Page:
President, Merchant Navy Engineers, Mr Matthew Alalade,described the incident as a serious and dangerous arrangement among security officials. he wondered how a container of such magnitude could get missing in the port without being detected especially at a time like this when there is insecurity in the country and national election is approaching. He noted that all these are happening because of lack of jobs and called on the government to provide jobs for the people because if people are engaged,crime would be minimized. He also cited the ban of 41 items that took away jobs from many Nigerians as partly responsible for crime. However, he called for a quick fix of scanners in the ports. ‘These are the ones that we heard. What about many others that we did not hear? While the government is trying to prevent crime, many people are trying to circumvent the law’ he said. Recall that since all scanners in the ports broke down over two years ago,little efforts are being made by the authorities to replace them. The absence of the machine, no doubt, is the reason for the preponderance of weapon interceptions in the ports. Unarguably, some Nigerian Ports Authority (NPA) officials or Nigeria Customs Service (NCS) officials are frustrating the efforts of the government to install the facility in the ports because they are benefiting from the absence of it. several stakeholders have harped on the need to install the machines but the Federal Government has equally given flimsy excuses on why it is not possible or not immediately available for use.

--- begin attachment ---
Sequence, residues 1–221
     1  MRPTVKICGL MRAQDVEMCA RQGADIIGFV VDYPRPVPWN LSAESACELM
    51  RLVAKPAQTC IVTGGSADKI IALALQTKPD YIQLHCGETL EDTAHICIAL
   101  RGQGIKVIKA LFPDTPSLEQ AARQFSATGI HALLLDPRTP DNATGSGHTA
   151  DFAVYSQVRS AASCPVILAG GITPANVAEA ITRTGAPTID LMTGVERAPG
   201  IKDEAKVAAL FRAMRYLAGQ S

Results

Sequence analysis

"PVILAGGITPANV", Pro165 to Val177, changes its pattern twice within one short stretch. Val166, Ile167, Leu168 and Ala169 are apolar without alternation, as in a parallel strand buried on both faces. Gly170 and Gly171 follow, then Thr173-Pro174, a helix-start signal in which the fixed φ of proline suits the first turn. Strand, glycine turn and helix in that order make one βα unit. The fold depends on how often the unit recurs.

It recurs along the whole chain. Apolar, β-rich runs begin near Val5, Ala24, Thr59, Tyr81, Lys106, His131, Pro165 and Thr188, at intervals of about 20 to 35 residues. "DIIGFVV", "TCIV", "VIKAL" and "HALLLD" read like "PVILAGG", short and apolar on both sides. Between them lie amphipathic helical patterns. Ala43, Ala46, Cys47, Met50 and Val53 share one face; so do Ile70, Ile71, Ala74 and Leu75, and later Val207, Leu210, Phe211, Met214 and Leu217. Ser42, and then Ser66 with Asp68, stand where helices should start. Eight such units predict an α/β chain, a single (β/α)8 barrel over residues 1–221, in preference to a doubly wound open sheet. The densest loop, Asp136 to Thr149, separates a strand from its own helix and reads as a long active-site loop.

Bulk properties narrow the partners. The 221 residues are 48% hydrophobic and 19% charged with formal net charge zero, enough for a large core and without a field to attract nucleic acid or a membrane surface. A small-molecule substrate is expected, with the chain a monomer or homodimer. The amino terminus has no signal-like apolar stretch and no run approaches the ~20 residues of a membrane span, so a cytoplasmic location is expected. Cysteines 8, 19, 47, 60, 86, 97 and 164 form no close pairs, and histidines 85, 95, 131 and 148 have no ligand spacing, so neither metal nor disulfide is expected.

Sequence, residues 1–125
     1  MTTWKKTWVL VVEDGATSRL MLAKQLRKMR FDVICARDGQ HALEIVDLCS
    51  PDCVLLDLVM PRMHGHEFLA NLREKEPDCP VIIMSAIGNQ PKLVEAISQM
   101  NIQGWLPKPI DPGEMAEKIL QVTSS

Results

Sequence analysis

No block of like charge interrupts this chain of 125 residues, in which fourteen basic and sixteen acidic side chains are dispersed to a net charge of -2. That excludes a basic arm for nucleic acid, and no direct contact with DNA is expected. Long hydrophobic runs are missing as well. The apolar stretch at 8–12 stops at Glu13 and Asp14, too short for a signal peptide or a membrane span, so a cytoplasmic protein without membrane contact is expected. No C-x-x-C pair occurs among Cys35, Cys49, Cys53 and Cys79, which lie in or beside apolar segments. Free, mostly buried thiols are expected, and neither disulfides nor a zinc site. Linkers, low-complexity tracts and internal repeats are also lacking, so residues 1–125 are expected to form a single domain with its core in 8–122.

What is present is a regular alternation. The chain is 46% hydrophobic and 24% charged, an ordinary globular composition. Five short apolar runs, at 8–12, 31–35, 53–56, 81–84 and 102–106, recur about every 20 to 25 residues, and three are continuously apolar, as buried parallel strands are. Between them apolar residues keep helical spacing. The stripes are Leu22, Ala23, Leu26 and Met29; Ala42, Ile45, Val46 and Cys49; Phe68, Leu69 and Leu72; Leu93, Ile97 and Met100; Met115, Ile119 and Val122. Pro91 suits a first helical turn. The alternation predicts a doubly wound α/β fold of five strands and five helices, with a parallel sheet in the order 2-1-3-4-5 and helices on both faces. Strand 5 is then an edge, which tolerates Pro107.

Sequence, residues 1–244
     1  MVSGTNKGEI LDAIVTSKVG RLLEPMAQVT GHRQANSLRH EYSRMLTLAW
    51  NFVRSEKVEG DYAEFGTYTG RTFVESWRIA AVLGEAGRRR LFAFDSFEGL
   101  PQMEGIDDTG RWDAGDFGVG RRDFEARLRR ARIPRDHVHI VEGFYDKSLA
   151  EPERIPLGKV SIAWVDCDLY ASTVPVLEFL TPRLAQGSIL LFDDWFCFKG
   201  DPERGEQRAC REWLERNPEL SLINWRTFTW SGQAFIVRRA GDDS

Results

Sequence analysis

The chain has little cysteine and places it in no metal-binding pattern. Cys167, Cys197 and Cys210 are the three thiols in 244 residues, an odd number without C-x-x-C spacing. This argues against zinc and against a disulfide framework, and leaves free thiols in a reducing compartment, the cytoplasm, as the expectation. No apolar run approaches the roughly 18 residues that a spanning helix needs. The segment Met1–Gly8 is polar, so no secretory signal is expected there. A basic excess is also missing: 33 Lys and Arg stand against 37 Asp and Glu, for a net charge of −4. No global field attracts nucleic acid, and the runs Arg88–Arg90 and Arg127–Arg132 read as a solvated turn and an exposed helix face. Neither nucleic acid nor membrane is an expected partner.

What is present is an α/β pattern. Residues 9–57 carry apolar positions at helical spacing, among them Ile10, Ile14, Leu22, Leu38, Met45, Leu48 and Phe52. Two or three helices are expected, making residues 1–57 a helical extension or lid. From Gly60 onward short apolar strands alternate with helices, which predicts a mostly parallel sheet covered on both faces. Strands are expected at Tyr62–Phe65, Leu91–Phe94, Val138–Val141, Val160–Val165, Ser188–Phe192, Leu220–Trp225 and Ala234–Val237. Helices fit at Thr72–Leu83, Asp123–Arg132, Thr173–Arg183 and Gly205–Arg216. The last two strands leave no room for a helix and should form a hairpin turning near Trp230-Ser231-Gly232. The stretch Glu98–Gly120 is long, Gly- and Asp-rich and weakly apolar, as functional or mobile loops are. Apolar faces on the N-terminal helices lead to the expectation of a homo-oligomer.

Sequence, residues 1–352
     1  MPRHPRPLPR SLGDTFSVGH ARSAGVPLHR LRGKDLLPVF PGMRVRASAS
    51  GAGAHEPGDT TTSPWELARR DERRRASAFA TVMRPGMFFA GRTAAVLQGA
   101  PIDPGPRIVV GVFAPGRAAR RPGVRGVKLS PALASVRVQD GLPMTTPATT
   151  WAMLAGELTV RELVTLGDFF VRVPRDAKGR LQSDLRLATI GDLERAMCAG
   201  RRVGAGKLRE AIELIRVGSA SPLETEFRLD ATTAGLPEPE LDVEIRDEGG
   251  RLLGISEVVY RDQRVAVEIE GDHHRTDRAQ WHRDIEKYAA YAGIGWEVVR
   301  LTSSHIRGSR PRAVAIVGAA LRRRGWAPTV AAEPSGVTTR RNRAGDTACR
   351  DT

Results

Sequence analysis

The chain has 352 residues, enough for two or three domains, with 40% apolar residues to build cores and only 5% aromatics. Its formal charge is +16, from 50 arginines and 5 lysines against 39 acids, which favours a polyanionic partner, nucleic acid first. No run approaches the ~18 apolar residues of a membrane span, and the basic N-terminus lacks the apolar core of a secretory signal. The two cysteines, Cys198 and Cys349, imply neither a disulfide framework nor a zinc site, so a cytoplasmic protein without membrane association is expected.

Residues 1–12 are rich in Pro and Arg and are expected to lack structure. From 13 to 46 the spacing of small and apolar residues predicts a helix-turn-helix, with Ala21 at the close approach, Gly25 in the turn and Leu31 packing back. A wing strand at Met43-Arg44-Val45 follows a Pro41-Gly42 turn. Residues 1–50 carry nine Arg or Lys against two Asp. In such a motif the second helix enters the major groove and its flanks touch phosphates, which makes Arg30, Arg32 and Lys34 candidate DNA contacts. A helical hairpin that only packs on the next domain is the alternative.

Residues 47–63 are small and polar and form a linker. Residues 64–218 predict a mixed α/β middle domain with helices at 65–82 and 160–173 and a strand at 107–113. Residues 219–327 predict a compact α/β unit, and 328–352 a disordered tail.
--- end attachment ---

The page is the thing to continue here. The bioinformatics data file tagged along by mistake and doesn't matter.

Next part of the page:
Nation President of National Council of Managing Directors of Licensed Customs Agents (NCMDLCA), Lucky Amiwero, has emphasized that before any positive impact will be made in Nigerian ports in regard to cargo clearance, broken-down scanners at the ports must be evaluated and repaired. In a letter:”The breakdown of scanners at the ports and a need to evaluate it for possible repairs”, addressed to President Muhammadu Buhari in February 2017, Amiwero pointed out that the fixed scanners are still very new due to the dates of installation and commencement of operation. :The mobile scanners, HiScan, are within six to eight years old, and are still operational and acceptable internationally”, he explained. Speaking as a member of the reconstituted Presidential Task Force on the Reform of the Nigeria Customs Service(NCS) 2010, and as a member of the Presidential committee of Destination Inspection, DI, (1999/2006), the National President of NCMDLCA, noted that the acquisition of the scanner was contracted under the DI scheme between the Federal Government of Nigeria and Cotecna Inspection Limited, Society General de Surveillance, SGS and Global Scan Systems Limited on a build, own, operate and transfer, BOOT, basis for a period of seven years from January 1,2006 to December 31,2012, which was extended by one year by the Federal Government.

Beside Amiwero, Chairman, Senate Committee on Customs and Excise, Hope Uzodinma has on different forums, stated the importance of having scanners in the ports. Fielding questions on why scanners have not been installed in the ports, the Controller General of Nigeria Customs (CGC), Colonel Hameed Ali (retd), said that scanners are not bought off the shelf. It has to be ordered for and specification given to the manufacturers before the company will manufacture. For more than four years now, the ports have been operating without the facility.


(check out list of items banned by Nigeria Customs here)

(official site of NCS here)

Culled from The Sun Newspaper